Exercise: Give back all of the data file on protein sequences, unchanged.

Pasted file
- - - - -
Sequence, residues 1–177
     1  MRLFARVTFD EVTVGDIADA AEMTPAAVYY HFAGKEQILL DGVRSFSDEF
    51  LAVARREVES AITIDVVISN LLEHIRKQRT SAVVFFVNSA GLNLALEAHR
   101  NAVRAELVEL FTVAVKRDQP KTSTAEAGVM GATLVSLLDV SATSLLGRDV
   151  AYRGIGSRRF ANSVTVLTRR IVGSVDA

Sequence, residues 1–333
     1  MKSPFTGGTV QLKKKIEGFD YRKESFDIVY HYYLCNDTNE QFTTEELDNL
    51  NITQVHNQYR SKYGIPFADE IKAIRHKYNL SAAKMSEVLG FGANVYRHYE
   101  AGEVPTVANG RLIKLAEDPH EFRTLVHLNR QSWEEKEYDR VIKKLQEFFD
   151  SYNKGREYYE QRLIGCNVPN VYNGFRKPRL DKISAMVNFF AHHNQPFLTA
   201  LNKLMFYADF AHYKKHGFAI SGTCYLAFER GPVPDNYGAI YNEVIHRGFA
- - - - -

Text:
Sequence, residues 1–177
     1  MRLFARVTFD EVTVGDIADA AEMTPAAVYY HFAGKEQILL DGVRSFSDEF
    51  LAVARREVES AITIDVVISN LLEHIRKQRT SAVVFFVNSA GLNLALEAHR
   101  NAVRAELVEL FTVAVKRDQP KTSTAEAGVM GATLVSLLDV SATSLLGRDV
   151  AYRGIGSRRF ANSVTVLTRR IVGSVDA

Sequence, residues 1–333
     1  MKSPFTGGTV QLKKKIEGFD YRKESFDIVY HYYLCNDTNE QFTTEELDNL
    51  NITQVHNQYR SKYGIPFADE IKAIRHKYNL SAAKMSEVLG FGANVYRHYE
   101  AGEVPTVANG RLIKLAEDPH EFRTLVHLNR QSWEEKEYDR VIKKLQEFFD
   151  SYNKGREYYE QRLIGCNVPN VYNGFRKPRL DKISAMVNFF AHHNQPFLTA
   201  LNKLMFYADF AHYKKHGFAI SGTCYLAFER GPVPDNYGAI YNEVIHRGFA